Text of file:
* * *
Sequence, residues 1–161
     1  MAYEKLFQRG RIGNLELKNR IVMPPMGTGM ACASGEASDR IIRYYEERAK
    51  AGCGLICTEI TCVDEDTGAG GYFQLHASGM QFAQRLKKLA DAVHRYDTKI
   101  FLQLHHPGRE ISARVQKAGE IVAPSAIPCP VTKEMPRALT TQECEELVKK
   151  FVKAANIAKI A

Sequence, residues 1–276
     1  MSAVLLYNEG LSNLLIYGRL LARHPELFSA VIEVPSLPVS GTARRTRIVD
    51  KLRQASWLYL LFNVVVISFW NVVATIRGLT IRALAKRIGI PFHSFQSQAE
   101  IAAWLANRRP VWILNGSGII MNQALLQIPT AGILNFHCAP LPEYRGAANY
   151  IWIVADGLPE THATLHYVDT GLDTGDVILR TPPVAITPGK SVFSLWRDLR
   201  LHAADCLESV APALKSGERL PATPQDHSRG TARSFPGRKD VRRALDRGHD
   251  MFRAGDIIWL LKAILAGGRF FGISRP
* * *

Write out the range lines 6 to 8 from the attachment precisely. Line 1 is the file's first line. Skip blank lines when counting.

Sequence, residues 1–276
     1  MSAVLLYNEG LSNLLIYGRL LARHPELFSA VIEVPSLPVS GTARRTRIVD
    51  KLRQASWLYL LFNVVVISFW NVVATIRGLT IRALAKRIGI PFHSFQSQAE